After the period for amnesty from some Boone County warrants ended, residents spent Monday evening in a different way than they had undoubtedly envisioned — in jail.
As a way to bring attention to stricter payment enforcement, Boone County offered amnesty to more than 300 warrant holders for a three-week period starting July 7. The period ended Friday, and the Boone County Sheriff’s Department made good on its promise to culminate the event by rounding up offenders who did not take advantage of the amnesty on Tuesday afternoon and evening.
Major O.J. Stone said his team, along with more than 20 officers from city and county forces, embarked on a search for more than 200 people who owed court fees and fines to the county. Stone said early in the afternoon that arrests had been made, but the sheriff’s department would not confirm how many people were arrested by Tuesday evening.
Kathy Lloyd, assistant to the court administrator, said the court collected $10,800 from those who did pay their fines during the amnesty period. Some of this money will be divided among the county’s school districts, and the rest will go to court costs, she said.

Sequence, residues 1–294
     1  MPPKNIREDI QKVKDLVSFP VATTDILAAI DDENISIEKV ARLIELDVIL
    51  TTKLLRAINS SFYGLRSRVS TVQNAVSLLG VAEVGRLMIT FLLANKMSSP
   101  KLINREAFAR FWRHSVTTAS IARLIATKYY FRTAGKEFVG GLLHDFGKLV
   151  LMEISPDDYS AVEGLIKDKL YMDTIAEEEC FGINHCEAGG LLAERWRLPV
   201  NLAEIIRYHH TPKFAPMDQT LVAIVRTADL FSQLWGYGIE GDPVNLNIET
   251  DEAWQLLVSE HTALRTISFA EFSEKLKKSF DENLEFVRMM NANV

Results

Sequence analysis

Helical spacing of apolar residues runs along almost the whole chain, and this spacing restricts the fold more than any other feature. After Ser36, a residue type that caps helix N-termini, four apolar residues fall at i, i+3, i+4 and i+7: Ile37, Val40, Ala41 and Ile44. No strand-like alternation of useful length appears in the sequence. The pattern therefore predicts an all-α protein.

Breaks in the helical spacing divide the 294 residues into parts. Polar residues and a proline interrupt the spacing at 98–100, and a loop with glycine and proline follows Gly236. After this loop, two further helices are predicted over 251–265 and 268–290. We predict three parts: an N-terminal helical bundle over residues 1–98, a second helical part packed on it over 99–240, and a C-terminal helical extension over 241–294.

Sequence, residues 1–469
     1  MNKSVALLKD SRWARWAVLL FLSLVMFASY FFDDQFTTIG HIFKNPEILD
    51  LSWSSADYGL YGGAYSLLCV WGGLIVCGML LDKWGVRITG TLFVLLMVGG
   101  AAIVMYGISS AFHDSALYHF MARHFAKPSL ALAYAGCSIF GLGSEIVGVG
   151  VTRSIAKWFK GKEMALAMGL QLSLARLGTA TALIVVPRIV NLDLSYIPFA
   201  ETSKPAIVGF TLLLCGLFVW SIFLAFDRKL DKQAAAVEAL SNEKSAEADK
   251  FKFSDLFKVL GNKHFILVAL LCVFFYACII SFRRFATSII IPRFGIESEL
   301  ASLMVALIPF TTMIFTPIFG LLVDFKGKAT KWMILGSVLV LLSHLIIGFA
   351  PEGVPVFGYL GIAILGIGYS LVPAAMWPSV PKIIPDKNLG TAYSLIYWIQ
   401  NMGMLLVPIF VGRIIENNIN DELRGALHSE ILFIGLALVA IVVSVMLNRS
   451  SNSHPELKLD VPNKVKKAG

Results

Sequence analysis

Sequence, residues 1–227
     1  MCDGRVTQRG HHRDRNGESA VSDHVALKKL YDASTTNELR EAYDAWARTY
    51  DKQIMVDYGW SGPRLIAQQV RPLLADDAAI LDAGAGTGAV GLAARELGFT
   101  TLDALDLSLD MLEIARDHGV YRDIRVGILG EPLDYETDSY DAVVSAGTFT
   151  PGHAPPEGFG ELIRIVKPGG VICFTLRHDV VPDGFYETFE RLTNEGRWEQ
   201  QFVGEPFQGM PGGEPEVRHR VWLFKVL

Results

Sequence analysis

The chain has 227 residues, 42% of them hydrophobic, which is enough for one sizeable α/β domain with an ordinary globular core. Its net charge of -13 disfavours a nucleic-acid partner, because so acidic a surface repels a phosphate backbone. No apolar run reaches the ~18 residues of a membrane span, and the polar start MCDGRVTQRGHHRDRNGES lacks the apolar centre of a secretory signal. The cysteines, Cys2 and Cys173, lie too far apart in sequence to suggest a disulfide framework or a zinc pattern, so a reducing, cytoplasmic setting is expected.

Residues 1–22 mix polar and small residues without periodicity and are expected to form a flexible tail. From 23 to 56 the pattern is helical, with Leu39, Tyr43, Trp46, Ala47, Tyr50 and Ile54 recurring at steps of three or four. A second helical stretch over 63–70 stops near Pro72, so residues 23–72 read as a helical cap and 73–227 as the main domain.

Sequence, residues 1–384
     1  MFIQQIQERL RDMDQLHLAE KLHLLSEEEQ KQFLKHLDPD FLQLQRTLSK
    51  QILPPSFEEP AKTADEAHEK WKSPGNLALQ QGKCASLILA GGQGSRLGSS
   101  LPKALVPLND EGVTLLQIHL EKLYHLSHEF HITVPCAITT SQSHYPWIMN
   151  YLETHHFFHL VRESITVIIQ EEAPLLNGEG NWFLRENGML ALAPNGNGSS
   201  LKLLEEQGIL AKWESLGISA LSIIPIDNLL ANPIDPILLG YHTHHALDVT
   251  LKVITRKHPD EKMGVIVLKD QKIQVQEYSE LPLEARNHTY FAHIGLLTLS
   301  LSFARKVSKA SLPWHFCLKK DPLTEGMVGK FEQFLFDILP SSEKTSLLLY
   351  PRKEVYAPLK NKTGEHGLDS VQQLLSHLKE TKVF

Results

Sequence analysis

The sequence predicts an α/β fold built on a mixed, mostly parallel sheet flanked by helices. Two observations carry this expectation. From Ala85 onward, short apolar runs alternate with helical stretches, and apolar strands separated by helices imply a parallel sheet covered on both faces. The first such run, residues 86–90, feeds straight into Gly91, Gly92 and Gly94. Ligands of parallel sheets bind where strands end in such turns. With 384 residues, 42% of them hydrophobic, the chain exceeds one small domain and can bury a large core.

Lloyd said of the more than 300 people with warrants eligible for amnesty, 44 people paid their fines voluntarily during the period and then had their warrants recalled. Twenty-one individuals on the amnesty list were served warrants by police during traffic stops or other unrelated events, resulting in their arrests, Lloyd said.
Eligible warrants were for failure to pay and failure to appear for failure to pay. Lloyd said some of the warrants are 10 years old, potentially making violators difficult to find during the roundup.
Even if not all truant payers were found Tuesday, the sheriff’s department plans to increase efforts in the future to reel them in. Stone made it clear that the fees must be paid.
“It’s time to take care of it,” Stone said.